A factory worker who was sacked for chucking a hangover sickie after drinking too much on Anzac Day has been awarded $8000 compensation after the Fair Work Commission found she was treated harshly.
Avril Chapman, who worked in the Tassal factory in Tasmania where she scaled, sliced, weighed and packed fish, was sacked after leaving a 4.56pm voicemail for her employer on April 25.
"Hi Michelle, it's Avril, one of your most loved pains in the arse," she said. "Um it's Anzac Day, my birthday, and I admit I have overindulged so I'm taking into account one of the golden rules, 'be fit for work', and I'm not going to be fit for work so I won't be there. But um love ya, catch ya on the flip side."
When her manager heard the message the next morning, he was concerned Chapman was using "a golden safety rule" to excuse or justify her consuming alcohol "to such an extent that she anticipated she would be unable to work the next day", the FWC wrote.
The manager felt her behaviour likely amounted to misconduct and when Chapman returned to work on April 27, she was given a letter stating as much, and that she was being stood down without pay.
"You deliberately made a decision to consume alcohol to the extent that you would not be fit for work on 26 April 2017 when you were required to attend and be in a fit state to carry out your duties safely," the letter said.
In her response, Chapman said she did not "deliberately" make the decision to consume alcohol to the point where she would be unfit to attend work the next day.
"It was my BIRTHDAY, and friends dropped by unannounced," she wrote in an email to her employers. "I had my official birthday party on the Monday night and wasn't expecting visitors on Tuesday, however, visitors I got.
"As the afternoon went on I realised it was going to be a long night and I believe I acted responsibly and respectfully by contacting management to let them know I wouldn't be fit for work.
"Would it have been wiser for [me] to call at 6am on the 26th and plead illness? I think if I had done that then I wouldn't be writing this letter now, but it wouldn't have been the honest thing to do in my opinion.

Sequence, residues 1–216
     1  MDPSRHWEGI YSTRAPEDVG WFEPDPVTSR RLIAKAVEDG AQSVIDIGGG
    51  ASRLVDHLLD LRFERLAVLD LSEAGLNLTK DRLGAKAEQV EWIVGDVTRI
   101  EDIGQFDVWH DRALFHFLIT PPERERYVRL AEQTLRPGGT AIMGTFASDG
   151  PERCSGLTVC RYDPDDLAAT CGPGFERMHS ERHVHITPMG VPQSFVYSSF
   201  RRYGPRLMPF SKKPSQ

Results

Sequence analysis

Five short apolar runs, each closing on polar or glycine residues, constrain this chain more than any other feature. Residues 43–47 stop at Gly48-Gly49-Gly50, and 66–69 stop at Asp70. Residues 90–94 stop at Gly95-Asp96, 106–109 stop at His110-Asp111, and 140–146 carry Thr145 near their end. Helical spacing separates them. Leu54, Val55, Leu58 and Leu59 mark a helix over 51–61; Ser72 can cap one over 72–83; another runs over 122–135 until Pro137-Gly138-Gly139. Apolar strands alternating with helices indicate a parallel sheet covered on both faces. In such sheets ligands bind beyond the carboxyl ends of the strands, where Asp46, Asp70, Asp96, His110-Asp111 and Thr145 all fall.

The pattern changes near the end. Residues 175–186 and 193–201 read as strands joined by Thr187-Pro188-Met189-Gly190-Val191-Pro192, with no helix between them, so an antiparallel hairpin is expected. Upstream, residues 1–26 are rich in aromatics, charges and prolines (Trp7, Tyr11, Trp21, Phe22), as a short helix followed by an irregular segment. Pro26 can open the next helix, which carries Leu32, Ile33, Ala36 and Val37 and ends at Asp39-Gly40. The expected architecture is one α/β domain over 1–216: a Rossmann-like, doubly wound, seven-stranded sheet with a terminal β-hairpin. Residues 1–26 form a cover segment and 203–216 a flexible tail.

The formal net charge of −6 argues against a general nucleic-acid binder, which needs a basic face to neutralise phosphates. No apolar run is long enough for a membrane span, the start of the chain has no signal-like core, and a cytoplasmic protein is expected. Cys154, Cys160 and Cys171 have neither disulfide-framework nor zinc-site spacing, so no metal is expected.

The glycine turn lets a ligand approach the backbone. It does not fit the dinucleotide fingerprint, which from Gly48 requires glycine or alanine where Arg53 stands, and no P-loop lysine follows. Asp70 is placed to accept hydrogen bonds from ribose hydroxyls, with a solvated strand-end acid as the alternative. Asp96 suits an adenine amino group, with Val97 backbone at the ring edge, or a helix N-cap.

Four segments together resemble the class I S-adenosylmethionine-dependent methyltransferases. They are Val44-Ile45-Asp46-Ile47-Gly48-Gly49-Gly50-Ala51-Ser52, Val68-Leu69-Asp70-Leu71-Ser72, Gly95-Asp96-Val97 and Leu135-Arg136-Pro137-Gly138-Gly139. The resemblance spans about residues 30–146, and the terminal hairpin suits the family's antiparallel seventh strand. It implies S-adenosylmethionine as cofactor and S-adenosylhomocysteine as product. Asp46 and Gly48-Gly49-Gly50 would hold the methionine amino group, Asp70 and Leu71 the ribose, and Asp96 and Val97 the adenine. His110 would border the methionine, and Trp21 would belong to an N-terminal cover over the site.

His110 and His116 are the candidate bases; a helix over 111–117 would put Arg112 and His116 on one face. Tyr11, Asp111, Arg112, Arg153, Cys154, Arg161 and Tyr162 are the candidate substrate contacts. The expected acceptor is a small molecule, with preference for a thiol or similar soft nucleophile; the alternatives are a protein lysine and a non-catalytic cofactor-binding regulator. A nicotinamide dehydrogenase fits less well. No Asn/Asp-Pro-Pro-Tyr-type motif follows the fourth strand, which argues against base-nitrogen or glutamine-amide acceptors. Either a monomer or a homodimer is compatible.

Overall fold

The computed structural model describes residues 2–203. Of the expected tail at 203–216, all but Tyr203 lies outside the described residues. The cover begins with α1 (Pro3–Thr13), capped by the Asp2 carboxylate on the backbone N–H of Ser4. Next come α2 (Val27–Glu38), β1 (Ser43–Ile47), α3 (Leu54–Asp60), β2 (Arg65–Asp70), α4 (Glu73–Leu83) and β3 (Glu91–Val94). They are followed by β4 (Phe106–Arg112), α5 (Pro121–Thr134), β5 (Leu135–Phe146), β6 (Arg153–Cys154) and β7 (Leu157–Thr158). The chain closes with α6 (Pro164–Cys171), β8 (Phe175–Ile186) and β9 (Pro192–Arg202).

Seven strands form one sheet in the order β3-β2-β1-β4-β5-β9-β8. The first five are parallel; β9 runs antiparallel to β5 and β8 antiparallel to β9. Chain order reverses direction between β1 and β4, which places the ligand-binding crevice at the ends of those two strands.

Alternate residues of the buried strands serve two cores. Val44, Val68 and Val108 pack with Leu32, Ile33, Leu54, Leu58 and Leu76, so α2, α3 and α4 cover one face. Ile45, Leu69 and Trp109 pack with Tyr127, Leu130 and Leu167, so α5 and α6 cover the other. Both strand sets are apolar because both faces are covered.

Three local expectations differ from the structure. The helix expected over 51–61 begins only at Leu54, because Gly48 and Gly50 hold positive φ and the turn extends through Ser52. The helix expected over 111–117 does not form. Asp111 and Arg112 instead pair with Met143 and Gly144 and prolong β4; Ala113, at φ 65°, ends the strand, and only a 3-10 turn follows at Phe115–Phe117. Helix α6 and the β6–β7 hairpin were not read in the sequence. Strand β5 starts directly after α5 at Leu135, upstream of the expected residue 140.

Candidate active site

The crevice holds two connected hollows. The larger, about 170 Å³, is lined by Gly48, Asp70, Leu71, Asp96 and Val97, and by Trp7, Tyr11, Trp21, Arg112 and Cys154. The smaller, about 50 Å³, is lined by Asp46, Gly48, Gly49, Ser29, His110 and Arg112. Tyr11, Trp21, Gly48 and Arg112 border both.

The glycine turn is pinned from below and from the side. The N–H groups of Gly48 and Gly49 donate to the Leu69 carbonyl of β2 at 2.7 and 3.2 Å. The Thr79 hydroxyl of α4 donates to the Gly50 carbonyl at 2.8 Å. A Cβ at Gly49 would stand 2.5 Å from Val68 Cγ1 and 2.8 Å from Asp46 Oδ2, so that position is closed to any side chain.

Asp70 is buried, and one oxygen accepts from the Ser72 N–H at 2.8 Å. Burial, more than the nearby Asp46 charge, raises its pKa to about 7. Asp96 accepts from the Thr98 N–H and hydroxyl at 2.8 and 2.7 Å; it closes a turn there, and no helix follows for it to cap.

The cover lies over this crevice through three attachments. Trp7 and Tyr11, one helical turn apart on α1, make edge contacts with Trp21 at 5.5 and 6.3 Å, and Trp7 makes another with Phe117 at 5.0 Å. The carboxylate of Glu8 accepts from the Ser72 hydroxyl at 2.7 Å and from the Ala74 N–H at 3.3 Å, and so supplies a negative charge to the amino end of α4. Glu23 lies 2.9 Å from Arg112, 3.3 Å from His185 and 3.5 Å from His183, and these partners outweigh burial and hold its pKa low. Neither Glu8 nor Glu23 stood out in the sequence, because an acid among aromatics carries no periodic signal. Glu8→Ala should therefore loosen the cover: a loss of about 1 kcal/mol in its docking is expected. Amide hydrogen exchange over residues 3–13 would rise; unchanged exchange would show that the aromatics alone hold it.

"It was not my intention to deliberately take the day off, the events were not planned and not expected, and again, I feel that contacting management on the 25th was the right and responsible thing to do."
In a follow-up email she criticised "management's constant quest in turning molehills into mountains" and the "go in for the kill mentality" as "rather disturbing and completely against Tassal's moral code in my opinion".
In response, Tassal told Chapman that the company did "not consider your response set out above acts to mitigate your actions but rather alarmingly demonstrates to us that you take no accountability for your actions but rather look to place blame onto Tassal's management".
"It is clear from your responses that at 4.46pm on 25 April 2017 you made a decision that you would continue long into the night drinking rather than make sure you are fit for work to fulfil your duties the next day," the second letter said.
"How you can state you did nothing untoward or that it was not a deliberate decision to take 26 April 2017 off is astonishing and your reason 'because it's my birthday' is [neither] a reasonable conclusion [nor] acts to mitigate your actions."
In submissions to the FWC, Tassal also pointed out Chapman had a previous warning for similar conduct.
In December last year, she left a voicemail on the company's phone line at 8:33pm.
"Hello, it's Avril," she said. "Um ... I won't be at work today. I am non compos mentis, which means I'm f***in' s***faced. I just found out my brother's got advanced lung cancer and I'm a bit upset about it all yeah. Sorry."
In his decision, FWC deputy president David Barclay concluded that although there was a "valid reason for the dismissal", the termination was "harsh". "The case is not dissimilar to the situation of an employee 'taking a sickie' without being ill," he wrote.
"Here the applicant 'took a sickie' in circumstances where she had voluntarily embarked upon a course of conduct that resulted in incapacity for work. The situation is perhaps made worse by the applicant's acknowledgment that she could have gone to bed early and been fit for work the next day."
As reinstatement was determined to be "inappropriate", Tassal was ordered to pay Chapman compensation of $8229. The "harsh" conduct, according to the FWC, arose from Tassal "misusing" the prior warning as a reason to proceed to termination rather than a "less severe sanction".